Shortages of diesel and other distillate fuel oils have emerged as a key bottleneck in the oil market and will exert upward pressure on oil and fuel prices until the global economy moves onto a slower growth trajectory.
Distillate fuel oil has become the most cyclically sensitive part of the oil market, closely tracking the expansion and contraction of manufacturing activity and freight flows.
In the United States, consumption of middle distillates from the refining process increased at a compound annual rate of 1% between 1985 and 2019, according to the U.S. Energy Information Administration.
Distillate supplied as Heating oil to homes, offices, schools and shops fell sharply in the wake of the two oil shocks of the 1970s and the price spike of 2008, which prompted widespread conversions of heating systems to gas.
But volumes supplied as diesel fuel to trucking firms, railroads, construction companies, marine operators and the oil and gas drilling industry increased more than enough to offset the loss of the heating market.
In 2019, most distillates were sold to highway users (67%), followed by railroads (6%) and farms (6%), with much smaller volumes sold as marine bunker fuel (3%), to industrial users (3%) and to oil and gas drillers (2%).
Combined sales to residential and commercial users had dwindled to just 9% of all distillates supplied, down from almost 30% in 1985 (https://tmsnrt.rs/3spHrIX).
Combined residential and commercial sales accounted for just 380,000 barrels per day in 2019, down from 795,000 bpd in 1985, in a total distillate market now around 4.1 million bpd.
As a result, the rise and fall in the manufacturing and freight cycle has displaced seasonal and annual variations in heating demand as the primary driver of distillate inventories and prices.
Variations in winter temperatures and heating oil consumption now have only a minor impact on overall distillate demand and prices compared with the 1980s and 1970s.
Instead, the volume of distillate supplied moves closely with changes in manufacturing activity, which can be measured by the manufacturing component of the Federal Reserve’s industrial production index.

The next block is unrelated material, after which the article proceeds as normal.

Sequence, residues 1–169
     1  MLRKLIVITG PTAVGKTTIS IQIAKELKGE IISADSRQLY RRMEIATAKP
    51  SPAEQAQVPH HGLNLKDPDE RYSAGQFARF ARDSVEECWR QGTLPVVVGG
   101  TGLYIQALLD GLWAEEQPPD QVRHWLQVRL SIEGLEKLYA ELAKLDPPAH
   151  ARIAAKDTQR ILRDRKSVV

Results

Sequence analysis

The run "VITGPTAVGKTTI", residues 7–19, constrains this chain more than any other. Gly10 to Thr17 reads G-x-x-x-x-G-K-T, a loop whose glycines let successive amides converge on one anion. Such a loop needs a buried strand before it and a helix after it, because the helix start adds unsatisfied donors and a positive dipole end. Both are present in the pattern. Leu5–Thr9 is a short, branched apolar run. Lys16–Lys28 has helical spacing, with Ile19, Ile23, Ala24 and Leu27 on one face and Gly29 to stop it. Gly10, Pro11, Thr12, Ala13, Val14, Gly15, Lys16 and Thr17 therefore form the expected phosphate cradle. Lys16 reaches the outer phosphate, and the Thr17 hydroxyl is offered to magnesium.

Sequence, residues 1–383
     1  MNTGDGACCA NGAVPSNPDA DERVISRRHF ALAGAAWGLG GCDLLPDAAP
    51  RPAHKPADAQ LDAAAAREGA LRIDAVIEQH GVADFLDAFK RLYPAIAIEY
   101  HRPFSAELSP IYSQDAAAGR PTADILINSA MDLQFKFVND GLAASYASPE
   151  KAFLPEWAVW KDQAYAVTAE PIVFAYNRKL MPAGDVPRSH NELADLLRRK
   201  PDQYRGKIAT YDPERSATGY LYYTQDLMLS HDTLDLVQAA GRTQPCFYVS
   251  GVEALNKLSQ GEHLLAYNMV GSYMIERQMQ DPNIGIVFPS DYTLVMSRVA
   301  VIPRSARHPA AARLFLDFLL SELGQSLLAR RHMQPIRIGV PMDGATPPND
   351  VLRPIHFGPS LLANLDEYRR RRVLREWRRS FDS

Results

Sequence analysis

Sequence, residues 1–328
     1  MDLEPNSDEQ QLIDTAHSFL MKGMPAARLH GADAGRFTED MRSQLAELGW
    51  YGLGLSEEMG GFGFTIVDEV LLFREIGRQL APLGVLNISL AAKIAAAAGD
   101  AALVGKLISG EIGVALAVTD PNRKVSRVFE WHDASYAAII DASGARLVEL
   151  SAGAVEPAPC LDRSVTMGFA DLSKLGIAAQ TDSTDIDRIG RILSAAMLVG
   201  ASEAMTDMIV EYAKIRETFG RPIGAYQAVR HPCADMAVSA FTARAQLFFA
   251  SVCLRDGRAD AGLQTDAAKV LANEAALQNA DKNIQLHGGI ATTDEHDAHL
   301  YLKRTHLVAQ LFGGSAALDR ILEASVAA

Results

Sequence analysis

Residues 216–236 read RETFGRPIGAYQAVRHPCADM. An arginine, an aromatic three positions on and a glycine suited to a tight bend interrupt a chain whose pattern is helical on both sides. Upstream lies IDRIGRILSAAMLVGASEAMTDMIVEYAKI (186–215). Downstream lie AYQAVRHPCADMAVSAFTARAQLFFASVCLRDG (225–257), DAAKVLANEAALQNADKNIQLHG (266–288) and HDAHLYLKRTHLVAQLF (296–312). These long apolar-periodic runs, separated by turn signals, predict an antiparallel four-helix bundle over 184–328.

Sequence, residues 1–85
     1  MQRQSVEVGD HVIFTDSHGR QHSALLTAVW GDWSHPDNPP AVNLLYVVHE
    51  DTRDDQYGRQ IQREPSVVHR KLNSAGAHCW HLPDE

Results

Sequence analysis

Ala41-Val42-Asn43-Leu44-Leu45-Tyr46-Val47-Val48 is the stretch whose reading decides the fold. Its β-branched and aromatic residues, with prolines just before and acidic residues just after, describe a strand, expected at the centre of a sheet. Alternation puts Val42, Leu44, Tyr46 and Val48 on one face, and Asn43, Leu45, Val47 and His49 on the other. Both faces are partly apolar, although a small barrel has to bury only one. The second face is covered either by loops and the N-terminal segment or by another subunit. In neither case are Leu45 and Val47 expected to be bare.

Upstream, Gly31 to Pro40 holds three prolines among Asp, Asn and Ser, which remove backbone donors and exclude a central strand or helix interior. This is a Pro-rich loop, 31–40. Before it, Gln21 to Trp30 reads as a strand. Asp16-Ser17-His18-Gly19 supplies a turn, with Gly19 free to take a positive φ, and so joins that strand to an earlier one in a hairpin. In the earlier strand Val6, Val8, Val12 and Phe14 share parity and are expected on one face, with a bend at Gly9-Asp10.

Distillate inventories show a clear multi-year cycle that correlates with the business cycle – replacing previous annual cycles associated with seasonal heating demand.
In the early months of 2008, 2014 and 2018, amid strong economic growth, severe distillate shortages emerged, manifest by a sharp drop in inventories.
Distillate shortages were eventually reversed when the economy went into a recession or a significant mid-cycle slowdown.
In each case, low distillate inventories were associated with a sharp rise in Brent prices and a steep backwardation in the futures market as refiners maximised crude processing rates.
Something similar is occurring in early 2022.
U.S. distillate inventories have fallen to just 123 million barrels, down from 180 million in August 2020, and not far from previous lows in 2018 (116 million), 2014 (113 million) and 2008 (107 million).
In the short term, inventories could deplete even further if demand from manufacturers and freight carriers continues to outstrip the ability of oil producers and refiners to supply enough fuel.
Pressure on distillates will intensify in the next few months as coronavirus travel restrictions are relaxed and international passenger aviation recovers because jet fuel comes from the same part of the refining system.
In the medium term, the manufacturing cycle will have to soften, possibly as a result of inflationary pressures, some of it arising from the oil industry, and rising interest rates, allowing distillate inventories to recover.
– Diesel shortage attracts hedge fund attention (Reuters, Feb. 7)
– Depleted U.S. distillate stocks show supply chain pressure (Reuters, Feb. 4)
– Fed searches for elusive soft landing (Reuters, Feb. 2)
– Oil market shows signs of overheating (Reuters, Jan. 28)
John Kemp is a Reuters market analyst. The views expressed are his own